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Sarah Kay reads Forest Fires, a poem she wrote for her grandmother and dad.

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Sarah Kay:

Forest Fires by Sarah Kay
From No Matter the Wreckage:
Write Bloody Publishing

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Hi I'm Sarah Kay and this is my poem Forest Fires.

I wrote this poem for my grandmother and my dad.

Forest Fires

I arrive home from JFK in the rosy hours
to find a new 5-in-1 egg slicer and dicer
on our dining room table.  
This is how my father deals with grief.  

Three days ago, I was in the Santa Cruz
Redwoods tracing a mountain road 
in the back of a pickup truck, watching
clouds unravel into spider webs.  

Two days from now, there will be 
forest fires, so thick, they will have to 
evacuate Santa Cruz.  The flames will paint
the evening news a different shade of orange,

and when it happens, I will be in New York City
watching something else on TV.  Commercials,
probably, which is all that seems to play
on hospital television sets: the beeping

from the nurses' station mixing with sales jingles--
the theme song for the ailing.  My grandmother's tiny body 
is a sinking ship on white sheets.  I hold her hand
and try to remember open highways.

It really goes to show that it doesn't take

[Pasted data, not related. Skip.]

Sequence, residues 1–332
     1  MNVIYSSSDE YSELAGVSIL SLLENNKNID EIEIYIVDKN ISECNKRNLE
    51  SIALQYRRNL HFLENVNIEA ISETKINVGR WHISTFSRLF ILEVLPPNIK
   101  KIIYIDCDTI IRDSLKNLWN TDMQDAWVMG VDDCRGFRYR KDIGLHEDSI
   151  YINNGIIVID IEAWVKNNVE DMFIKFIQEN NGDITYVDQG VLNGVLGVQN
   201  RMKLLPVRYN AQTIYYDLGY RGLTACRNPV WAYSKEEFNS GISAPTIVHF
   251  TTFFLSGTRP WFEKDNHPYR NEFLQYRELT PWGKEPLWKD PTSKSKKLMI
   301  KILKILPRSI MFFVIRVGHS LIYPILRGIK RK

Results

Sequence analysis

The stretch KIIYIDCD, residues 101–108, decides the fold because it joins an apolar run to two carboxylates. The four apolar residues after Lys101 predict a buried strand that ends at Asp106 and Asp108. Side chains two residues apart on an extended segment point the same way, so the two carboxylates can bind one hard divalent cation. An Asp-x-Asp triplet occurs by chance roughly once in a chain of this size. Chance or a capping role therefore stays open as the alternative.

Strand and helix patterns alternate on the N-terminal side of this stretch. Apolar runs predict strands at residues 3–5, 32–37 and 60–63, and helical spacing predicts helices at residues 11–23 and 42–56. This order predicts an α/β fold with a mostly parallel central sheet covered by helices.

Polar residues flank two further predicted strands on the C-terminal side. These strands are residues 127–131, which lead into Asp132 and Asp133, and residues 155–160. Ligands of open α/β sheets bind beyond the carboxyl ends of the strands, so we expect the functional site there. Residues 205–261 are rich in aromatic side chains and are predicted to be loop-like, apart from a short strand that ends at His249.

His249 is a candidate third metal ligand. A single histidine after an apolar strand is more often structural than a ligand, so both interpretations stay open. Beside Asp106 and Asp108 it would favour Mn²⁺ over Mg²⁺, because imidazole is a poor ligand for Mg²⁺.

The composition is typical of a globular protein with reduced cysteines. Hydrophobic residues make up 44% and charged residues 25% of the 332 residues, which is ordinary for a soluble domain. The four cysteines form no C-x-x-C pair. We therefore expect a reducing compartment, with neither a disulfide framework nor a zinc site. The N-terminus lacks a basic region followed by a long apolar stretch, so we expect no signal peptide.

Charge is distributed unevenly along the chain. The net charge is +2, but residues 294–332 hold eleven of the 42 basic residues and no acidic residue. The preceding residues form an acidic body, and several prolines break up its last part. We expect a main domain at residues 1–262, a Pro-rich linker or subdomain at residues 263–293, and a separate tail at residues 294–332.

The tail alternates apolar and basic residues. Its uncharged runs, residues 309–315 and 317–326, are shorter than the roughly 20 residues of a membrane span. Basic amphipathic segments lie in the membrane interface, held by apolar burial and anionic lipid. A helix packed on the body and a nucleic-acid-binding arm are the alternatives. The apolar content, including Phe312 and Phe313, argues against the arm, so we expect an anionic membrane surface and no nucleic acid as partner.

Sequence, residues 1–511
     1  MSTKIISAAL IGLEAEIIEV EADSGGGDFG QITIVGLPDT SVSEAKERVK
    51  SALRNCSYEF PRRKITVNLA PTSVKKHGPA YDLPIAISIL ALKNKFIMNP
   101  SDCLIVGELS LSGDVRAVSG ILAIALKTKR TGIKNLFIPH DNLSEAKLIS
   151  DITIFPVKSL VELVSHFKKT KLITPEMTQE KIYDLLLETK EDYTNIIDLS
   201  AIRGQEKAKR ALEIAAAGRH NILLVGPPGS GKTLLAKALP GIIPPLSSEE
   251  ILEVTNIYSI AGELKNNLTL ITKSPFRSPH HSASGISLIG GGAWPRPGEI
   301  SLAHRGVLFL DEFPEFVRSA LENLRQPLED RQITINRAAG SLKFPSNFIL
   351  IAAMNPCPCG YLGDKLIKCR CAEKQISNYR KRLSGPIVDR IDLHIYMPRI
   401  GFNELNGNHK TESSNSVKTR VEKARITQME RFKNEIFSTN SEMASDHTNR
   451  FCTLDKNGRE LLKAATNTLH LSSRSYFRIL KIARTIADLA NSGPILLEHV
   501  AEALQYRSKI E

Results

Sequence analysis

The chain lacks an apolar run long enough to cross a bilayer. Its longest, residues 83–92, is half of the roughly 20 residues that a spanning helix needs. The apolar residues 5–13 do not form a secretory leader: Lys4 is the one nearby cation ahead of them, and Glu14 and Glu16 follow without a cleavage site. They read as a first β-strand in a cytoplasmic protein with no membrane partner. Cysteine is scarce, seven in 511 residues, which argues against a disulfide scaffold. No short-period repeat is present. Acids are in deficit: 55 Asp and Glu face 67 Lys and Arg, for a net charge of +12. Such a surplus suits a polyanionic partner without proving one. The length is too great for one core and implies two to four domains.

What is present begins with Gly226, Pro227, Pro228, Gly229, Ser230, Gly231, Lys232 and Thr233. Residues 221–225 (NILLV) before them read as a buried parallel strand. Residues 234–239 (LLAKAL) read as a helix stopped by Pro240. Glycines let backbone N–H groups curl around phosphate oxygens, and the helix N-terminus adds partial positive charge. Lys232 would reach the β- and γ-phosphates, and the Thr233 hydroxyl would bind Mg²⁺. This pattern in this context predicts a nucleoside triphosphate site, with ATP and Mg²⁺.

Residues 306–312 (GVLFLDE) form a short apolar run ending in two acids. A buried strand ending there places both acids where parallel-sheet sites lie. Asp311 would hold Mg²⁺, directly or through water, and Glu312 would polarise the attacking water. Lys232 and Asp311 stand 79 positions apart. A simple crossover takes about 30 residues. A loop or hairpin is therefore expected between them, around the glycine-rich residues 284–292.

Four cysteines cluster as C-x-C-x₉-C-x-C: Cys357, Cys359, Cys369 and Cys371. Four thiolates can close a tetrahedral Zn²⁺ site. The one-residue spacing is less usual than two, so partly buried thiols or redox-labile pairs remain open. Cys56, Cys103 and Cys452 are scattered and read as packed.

much with these dry conditions to start a fire,
a Cal Fire spokesman will tell CNN on Sunday.  
Fire officials have been working tirelessly, but

controlling something this big is impossible.
My mother will point at the celluloid flames,
remind me how lucky I am, how close I had been,
how narrowly I missed this disaster.  My father

will point out a commercial for the Brown & Crisp,
repeat line by line how it bakes, broils, steams,
fries, and barbeques.  
He will write down 
the number to order it later.

Three days ago, I was barefoot.  Balancing
on train tracks, the full moon an unexpected visitor,
the smoke-free air as clean and sharp 
as these city lungs could stand.

Two days from now I will find my father
making egg salad in the kitchen, exhausted
after an all-night shift at the hospital.  I will
ask if he needs help and understand

when he says no.  I will leave him to slice
and dice the things he can.  My grandmother
folds her hands on mine and strokes
my knuckles like they are a wild animal she is

trying to tame.  She tells me I am gorgeous,
watches a commercial, forgets my name,
tells me I am gorgeous again.
My father watches from the bedside chair,

his mother and daughter strung together 
with tightrope hands, fingers that look 
like his own.  And somewhere in California
a place I once stood is burning.